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Short, parallel ridges in the soil mark the path of the rover's wheels across a sandy, rocky surface. On the center right side of the image is a large, white-colored, angular rock several inches high covered with a layer of reddish dust.
'Hank's Hollow' Sparkles
Dust-like material sparkles for many team members in memory of a man, Henry "Hank" Moore, who dedicated much of his life to the exploration of the martian surface.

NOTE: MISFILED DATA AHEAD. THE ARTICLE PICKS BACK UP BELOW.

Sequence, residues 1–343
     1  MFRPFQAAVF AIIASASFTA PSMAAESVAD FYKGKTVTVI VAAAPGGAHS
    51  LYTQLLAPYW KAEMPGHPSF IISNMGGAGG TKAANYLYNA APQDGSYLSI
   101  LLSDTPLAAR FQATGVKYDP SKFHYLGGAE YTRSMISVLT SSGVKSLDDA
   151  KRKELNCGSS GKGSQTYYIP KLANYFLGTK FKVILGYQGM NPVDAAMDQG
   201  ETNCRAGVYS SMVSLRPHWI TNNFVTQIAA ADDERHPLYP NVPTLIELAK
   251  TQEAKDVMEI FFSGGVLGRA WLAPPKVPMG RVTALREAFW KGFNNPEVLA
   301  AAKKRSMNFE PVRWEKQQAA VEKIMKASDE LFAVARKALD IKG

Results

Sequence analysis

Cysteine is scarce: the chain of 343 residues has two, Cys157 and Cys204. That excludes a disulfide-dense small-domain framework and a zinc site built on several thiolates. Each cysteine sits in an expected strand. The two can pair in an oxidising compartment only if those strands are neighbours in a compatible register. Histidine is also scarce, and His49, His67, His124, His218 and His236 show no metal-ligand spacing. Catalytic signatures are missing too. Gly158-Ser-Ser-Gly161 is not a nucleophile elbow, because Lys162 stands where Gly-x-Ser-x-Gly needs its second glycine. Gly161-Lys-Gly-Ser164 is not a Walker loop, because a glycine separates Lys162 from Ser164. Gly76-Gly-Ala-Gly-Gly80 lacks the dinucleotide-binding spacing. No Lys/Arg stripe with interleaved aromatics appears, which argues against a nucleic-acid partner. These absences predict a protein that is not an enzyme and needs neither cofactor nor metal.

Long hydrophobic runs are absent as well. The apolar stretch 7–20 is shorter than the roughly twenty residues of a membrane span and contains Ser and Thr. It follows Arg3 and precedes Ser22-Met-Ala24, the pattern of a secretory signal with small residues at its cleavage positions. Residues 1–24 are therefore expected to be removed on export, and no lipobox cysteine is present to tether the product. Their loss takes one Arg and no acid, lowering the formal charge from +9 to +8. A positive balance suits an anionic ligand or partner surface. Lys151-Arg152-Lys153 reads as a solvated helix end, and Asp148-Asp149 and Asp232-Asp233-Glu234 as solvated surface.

This false-color composite panoramic camera image highlights mysterious and sparkly dust-like material that is created when the soil in this region is disturbed. NASA's Mars Exploration Rover Spirit took this image on sol 165 (June 20, 2004) in "Hank's Hollow," using filters L2, L5 and L7. This feature was named after the late Henry "Hank" J. Moore II, who was a Viking Lander mission scientist and the Rover Scientist on the Mars Pathfinder mission, with expertise in soil physical properties and volcanology. The science and engineering teams have creatively used both roversí wheels to dig "trenches" in the dirt to further discover what lies beneath the dust-covered surface of Mars.

Image Credit: JPL/NASA/Cornell